National 4-H awarded $4.25 Million for mentoring program


The National 4-H Council is constantly trying to improve the lives of its members with multiple mentoring programs and opportunities. To continue those opportunities, the Department of Justice’s Office of Juvenile Justice and Delinquency Prevention (OJJDP) has awarded $3 million to the National 4–H Council in support of the 4–H National Mentoring Program. The grant builds on 4-H’s partnership with OJJDP to continue the national effort to strengthen, expand and implement youth mentoring activities. These mentoring activities provide meaningful relationships for thousands of youth classified as at-risk, high-risk, or underserved, including youth affected by the opioid epidemic. In addition, a program in its second year, 4-H Health Rocks! Mentoring Program, has been funded for $1.25 million.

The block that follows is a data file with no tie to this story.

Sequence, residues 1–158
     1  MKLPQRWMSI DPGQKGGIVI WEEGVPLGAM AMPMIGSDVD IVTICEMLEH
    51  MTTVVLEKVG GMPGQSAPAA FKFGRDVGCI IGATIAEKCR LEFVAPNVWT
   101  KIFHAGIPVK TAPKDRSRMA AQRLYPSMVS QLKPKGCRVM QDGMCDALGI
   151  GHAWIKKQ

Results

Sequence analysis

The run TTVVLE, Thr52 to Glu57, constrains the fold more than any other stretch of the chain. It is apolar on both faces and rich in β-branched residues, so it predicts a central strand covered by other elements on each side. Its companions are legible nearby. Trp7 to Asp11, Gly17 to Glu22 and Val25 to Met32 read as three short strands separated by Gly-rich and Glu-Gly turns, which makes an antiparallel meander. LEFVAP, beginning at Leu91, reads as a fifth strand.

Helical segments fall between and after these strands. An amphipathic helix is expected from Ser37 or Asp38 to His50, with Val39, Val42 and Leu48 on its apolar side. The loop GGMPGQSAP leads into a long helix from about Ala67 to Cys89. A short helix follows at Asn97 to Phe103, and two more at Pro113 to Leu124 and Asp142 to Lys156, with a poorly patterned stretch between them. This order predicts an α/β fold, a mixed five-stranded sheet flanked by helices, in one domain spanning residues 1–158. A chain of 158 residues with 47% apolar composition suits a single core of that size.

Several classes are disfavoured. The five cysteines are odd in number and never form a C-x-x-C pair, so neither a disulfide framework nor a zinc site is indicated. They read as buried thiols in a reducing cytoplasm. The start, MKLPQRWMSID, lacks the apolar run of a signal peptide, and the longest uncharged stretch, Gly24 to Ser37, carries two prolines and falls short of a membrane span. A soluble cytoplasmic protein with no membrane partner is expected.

These grants will provide funding to facilitate 4–H mentoring programs in 38 states to keep kids safe, improve academic outcomes and prevent youth delinquency, whereas the 4-H Health Rocks! Mentoring Program will provide mentoring to youth in rural Appalachia in an effort to prevent opioid abuse. These programs, led by Cooperative Extension and its network of 100 colleges and universities, were developed in partnership with the United States Department of Agriculture’s (USDA) Children, Youth and Families at Risk Program, which sparks innovation in community-based educational programs for children, youth, parents and families.

“As kids face a fast-paced and quickly evolving world, the support of caring mentors helps to provide the guidance and tools they need to grow skills they need for their life and career,” said Jennifer Sirangelo, president & CEO, National 4-H Council. “Thanks to this significant grant from OJJDP, 4-H program staff have the opportunity to implement proven mentoring programs in underrepresented communities across the country.”

As of 2019, the 4-H National Mentoring Program has served more than 64,000 youth, resulting in significant outcomes in areas such as family relationships, perceptions of social support, and social competence.

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